Probing NDDC

Following persistent outcries over alleged non-performance of the Niger Delta Development Commission (NDDC), President Muhammadu Buhari has ordered a forensic audit of the operations of the commission. The audit is expected to cover the operations of the NDDC from inception. Although it was established in 2000, it started working in 2001.

The NDDC has, over the years, been accused of endemic corruption in its activities along with endless internal squabbles. The projects it has executed in the Niger Delta do not justify its annual budget of N300 billion. The Niger Delta states are Abia, Akwa Ibom, Bayelsa, Cross River, Delta, Edo, Imo, Ondo and Rivers.

The allegations are many: Powerful individuals have been treating NDDC as their ATM. Some of its workers are owed 15 years’ salary arrears. Some genuine contractors have not been paid for more than 10 years. Contracts are hawked in the streets of Port Harcourt, Lagos, Abuja and other cities. Consequently, the Niger Delta is littered with barely started projects, even as some contractors have received full payments for them. Crooked politicians, especially those from the nine Niger Delta states, feel they are entitled to something from the honey pot.

On the other hand, however, the management staff of the NDDC has, over the years, complained that the interventionist agency is underfunded, since it does not get its full allocation as prescribed by law.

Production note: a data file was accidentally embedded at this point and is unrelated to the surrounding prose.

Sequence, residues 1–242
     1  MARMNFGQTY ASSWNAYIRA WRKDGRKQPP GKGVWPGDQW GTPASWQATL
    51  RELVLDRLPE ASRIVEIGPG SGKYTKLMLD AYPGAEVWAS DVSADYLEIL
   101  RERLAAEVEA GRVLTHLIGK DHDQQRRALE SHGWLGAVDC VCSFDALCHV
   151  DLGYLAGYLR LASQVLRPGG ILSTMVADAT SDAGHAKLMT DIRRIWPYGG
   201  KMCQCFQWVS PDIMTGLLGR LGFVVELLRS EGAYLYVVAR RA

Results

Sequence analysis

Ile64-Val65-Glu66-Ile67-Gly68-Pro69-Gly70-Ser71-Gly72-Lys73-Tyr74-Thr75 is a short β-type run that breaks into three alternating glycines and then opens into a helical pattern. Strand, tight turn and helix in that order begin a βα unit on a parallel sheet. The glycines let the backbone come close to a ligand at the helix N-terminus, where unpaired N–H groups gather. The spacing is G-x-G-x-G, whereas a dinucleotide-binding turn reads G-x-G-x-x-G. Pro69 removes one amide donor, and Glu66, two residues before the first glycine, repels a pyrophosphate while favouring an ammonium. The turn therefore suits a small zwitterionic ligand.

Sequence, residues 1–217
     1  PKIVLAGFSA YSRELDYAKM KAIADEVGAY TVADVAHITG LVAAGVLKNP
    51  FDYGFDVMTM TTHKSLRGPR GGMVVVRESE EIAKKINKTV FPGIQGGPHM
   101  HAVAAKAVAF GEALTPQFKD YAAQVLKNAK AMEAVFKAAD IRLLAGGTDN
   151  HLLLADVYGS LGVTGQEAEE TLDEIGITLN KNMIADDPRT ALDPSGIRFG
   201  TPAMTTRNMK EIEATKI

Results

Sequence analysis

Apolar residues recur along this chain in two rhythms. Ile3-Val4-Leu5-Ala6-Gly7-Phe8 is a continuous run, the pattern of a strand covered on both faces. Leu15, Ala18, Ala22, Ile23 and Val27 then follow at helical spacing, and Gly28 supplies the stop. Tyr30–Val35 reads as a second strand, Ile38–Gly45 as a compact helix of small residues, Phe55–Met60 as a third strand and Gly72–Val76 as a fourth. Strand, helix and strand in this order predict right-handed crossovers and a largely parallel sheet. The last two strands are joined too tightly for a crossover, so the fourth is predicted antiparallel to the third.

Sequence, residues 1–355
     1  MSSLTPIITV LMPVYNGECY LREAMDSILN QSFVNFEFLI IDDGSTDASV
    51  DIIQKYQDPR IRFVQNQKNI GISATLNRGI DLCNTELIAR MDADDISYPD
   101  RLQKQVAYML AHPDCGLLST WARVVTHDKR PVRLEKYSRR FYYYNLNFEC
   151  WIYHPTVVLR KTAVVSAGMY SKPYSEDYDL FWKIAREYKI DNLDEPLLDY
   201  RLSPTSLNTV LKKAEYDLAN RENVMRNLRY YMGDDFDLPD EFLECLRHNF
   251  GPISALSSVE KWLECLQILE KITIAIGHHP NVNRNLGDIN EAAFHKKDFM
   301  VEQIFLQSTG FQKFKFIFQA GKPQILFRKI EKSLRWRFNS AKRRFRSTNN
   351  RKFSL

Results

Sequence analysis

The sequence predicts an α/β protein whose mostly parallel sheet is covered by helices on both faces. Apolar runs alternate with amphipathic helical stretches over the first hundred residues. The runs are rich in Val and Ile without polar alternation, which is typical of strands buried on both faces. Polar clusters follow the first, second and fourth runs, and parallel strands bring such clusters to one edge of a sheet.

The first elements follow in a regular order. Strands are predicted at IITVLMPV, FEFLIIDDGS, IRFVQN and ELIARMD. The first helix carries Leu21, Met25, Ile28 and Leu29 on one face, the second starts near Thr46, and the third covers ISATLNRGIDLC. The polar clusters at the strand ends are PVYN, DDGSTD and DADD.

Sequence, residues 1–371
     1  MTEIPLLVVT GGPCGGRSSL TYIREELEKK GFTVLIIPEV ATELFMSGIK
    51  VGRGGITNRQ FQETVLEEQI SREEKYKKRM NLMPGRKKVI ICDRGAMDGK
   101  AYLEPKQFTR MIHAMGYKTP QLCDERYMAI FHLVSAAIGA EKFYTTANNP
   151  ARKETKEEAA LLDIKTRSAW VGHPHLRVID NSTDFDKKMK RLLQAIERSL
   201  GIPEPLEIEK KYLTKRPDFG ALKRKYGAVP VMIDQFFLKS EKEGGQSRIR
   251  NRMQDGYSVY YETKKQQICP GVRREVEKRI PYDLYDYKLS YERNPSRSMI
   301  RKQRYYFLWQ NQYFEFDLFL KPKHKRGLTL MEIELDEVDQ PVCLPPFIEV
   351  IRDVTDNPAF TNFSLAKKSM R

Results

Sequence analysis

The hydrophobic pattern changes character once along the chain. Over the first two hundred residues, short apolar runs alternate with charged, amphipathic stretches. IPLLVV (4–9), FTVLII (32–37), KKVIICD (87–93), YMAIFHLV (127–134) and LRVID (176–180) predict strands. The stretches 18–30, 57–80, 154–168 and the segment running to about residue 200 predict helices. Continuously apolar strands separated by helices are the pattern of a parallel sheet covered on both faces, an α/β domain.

A “forensic probe” of NDDC’s activities is therefore a step in the right direction. At a time agitations for resource control or justice for the goose that lays the golden egg have become strident, derailing of NDDC’s mandate of developing the region would be a calamity.

President Buhari had, in August, approved a new 16-man board for the commission.  Tocreate an “enabling environment” for the audit,  however, the minister of Niger Delta affairs, Godswill Akpabio, has named a three-man committee to oversee the management of the commission: Gbene Joi is the new acting managing director; Cairo Ojougboh, acting executive director, projects; and Ibanga Bassey, acting executive director, finance and administration. They are to discharge their duties” without fear or favour”.

Recent revelations by a member of the interim management committee (IMC), Ojougboh, are instructive. He said that an unnamed senator was handling 300 of the NDDC’s jobs, and that 120 of the contracts have been paid for, even though the “contractor” has not mobilised to site for these 120. He added that the commission is owing N3 trillion in contracts awarded, expressing hope that the forensic audit would help to uncover how the debts were incurred. “It is these phantom contractors that are preaching and making noise to stop the probe. All they want is for the stealing to continue,” Ojougboh said. “Our job is to make sure that we avail the auditors all the necessary documents and information, all the necessary help they need, because we are not protecting any interest but to help the auditors do their job as it is required.”

We hope Ojougboh has spoken for the IMC.  The committee should try to keep its promise. Let the audit uncover the culprits and let them face justice. If experience is anything to go by, probes rarely achieve much in Nigeria because of so many hidden interests. Often, the reports of investigative panels are left in the archives. At times, another panel is appointed to probe the first panel.

This one should be different. And all eyes and ears are anxious to see and hear the outcome of the NDDC probe in the near future.

— With The Oracle Today

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